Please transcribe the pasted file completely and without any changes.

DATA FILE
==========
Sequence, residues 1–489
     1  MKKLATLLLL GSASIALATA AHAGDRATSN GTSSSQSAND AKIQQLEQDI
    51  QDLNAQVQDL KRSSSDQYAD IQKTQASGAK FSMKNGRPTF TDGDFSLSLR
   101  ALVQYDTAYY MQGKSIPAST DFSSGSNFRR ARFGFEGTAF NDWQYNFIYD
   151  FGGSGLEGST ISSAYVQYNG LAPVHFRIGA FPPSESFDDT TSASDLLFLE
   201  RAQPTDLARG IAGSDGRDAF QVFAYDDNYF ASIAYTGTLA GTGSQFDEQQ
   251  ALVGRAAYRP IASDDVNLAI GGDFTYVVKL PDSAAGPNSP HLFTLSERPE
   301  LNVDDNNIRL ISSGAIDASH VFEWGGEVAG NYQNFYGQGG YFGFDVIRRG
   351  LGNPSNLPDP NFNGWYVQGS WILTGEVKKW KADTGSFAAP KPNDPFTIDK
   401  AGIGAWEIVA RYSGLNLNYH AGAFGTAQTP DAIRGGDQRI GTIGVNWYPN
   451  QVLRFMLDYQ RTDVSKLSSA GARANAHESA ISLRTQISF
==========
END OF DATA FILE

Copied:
Sequence, residues 1–489
     1  MKKLATLLLL GSASIALATA AHAGDRATSN GTSSSQSAND AKIQQLEQDI
    51  QDLNAQVQDL KRSSSDQYAD IQKTQASGAK FSMKNGRPTF TDGDFSLSLR
   101  ALVQYDTAYY MQGKSIPAST DFSSGSNFRR ARFGFEGTAF NDWQYNFIYD
   151  FGGSGLEGST ISSAYVQYNG LAPVHFRIGA FPPSESFDDT TSASDLLFLE
   201  RAQPTDLARG IAGSDGRDAF QVFAYDDNYF ASIAYTGTLA GTGSQFDEQQ
   251  ALVGRAAYRP IASDDVNLAI GGDFTYVVKL PDSAAGPNSP HLFTLSERPE
   301  LNVDDNNIRL ISSGAIDASH VFEWGGEVAG NYQNFYGQGG YFGFDVIRRG
   351  LGNPSNLPDP NFNGWYVQGS WILTGEVKKW KADTGSFAAP KPNDPFTIDK
   401  AGIGAWEIVA RYSGLNLNYH AGAFGTAQTP DAIRGGDQRI GTIGVNWYPN
   451  QVLRFMLDYQ RTDVSKLSSA GARANAHESA ISLRTQISF